Cheating on Flickr

Once, Flickr was THE photo site, with one of great early online communities, formed around a shared love of photography.

All the proper photographers I know are on Flickr. Me, I’ve got 1450 images and videos there. I get a free Pro account though my *cough* marvellous ISP – with this, I can upload all the photos I like at full resolution – making it my online backup for photos I want to keep safe forever more.

But – I’ve been messing with something I shouldn’t have been messing with. Instagram photos ran through my Twitter stream, with a 70s-hued-glow array of cats, sunsets and food (ref: @textinstagram). Without having actually used it, I’d always scorned Instagram’s hipster filters and iOS-only elitism. Bah. Humbug, etc.

Still, when the Android app was released, I signed up (ahem) out of curiosity. And saw what all the fuss was about – the mobile app is marvellous. A never ending stream of creativity from people you know, with basic but easy to use social features is a wonderful thing to have at your fingertips.

Photography-wise, I don’t like the filters – they seem a bit knowing, self-conscious or just plain hipster-ish to me. The ‘square frame’ limitation is a pain and explains why so many Instagram photos are close ups of whatever’s to hand. I’m getting my head around the fact Instagram is MOBILE ONLY – the web presence is spartan like an Australian’s capacity to understand jandal-situation-appropriateness, but everyone seems pretty comfortable with it.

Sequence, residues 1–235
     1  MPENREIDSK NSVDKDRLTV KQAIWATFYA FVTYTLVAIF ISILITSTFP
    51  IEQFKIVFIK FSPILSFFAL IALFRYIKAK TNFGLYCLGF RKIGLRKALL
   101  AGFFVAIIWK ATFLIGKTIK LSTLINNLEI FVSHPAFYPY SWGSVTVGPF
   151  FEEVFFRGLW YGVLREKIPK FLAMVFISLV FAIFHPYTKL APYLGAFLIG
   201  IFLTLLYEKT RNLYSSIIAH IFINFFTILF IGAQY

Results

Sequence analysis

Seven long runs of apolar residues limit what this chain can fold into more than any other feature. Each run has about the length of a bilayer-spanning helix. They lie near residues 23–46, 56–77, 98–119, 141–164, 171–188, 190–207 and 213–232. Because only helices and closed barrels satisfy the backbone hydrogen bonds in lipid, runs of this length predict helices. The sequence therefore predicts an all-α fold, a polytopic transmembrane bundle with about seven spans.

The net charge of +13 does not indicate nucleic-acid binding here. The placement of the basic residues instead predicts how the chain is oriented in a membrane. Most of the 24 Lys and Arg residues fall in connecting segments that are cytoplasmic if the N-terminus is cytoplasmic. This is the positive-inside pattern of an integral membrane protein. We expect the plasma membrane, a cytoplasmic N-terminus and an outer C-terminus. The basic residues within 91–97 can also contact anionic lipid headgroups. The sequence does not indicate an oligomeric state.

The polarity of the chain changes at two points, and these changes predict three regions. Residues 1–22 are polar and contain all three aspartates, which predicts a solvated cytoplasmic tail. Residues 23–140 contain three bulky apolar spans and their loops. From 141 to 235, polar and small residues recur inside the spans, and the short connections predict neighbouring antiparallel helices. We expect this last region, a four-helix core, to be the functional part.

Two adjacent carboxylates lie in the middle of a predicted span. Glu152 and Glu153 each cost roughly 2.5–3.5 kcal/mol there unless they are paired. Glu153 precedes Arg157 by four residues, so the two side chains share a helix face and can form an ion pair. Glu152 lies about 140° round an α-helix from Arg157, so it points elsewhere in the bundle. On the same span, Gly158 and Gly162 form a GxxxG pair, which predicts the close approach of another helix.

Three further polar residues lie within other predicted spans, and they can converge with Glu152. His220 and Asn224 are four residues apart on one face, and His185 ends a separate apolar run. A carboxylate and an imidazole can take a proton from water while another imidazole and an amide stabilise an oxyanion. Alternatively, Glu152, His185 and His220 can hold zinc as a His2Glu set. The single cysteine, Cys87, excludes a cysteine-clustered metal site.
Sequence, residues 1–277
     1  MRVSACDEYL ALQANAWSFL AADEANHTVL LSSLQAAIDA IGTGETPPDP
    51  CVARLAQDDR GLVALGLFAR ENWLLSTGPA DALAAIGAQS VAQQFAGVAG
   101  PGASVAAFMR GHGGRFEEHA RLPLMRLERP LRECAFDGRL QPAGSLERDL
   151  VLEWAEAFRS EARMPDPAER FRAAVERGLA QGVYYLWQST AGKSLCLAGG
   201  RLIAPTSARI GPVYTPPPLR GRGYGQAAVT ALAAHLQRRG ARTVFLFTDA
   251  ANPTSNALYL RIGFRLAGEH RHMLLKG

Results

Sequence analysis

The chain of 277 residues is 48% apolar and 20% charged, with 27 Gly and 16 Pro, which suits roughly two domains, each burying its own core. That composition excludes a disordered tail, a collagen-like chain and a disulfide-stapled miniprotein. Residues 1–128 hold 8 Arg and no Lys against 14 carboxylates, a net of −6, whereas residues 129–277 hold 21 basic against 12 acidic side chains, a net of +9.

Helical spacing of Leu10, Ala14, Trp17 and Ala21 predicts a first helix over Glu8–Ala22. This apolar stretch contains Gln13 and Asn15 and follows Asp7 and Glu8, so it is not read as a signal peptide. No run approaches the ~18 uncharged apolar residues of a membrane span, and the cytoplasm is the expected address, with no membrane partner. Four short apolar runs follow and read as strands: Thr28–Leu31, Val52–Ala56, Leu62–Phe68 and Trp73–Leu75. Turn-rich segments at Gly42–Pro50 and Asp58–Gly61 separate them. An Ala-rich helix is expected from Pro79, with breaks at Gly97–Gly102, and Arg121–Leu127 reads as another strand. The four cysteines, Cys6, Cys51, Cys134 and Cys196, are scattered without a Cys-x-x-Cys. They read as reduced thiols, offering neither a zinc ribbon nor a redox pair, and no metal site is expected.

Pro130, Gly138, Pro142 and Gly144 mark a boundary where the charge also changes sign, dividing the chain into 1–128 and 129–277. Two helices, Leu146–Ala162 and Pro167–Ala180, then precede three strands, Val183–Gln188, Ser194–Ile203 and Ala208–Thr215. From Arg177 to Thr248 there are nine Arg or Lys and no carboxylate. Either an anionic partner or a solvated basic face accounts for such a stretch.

Where I’m at now is this:

  • Flickr is my home for photos (and videos) of the kids, photos taken on my ‘proper’ cameras and photos I generally want to keep and back up online in one place. That includes non-Instagram pictures taken on my phone, ‘nicer ones’ I guess
  • Instagram is my home for everyday photos, ones I care less about (if you get me), but want to share on the internet. The mobile internet, anyway. It IS fun, for sure

I’ve invested a lot of time and effort into Flickr, am proud of my little collection and the story it tells about my little family (my kids’ photos are behind a security layer, sorry!). Where Instagram has turned my head is its tremendous mobile app and associated ease of sharing. When Flickr’s own mobile app, which is sadly lacking, catches up, it may be able to compete, if it can get all those hipsters to use the same photo service their Dad does.

Update – just found this today: How Yahoo killed Flickr

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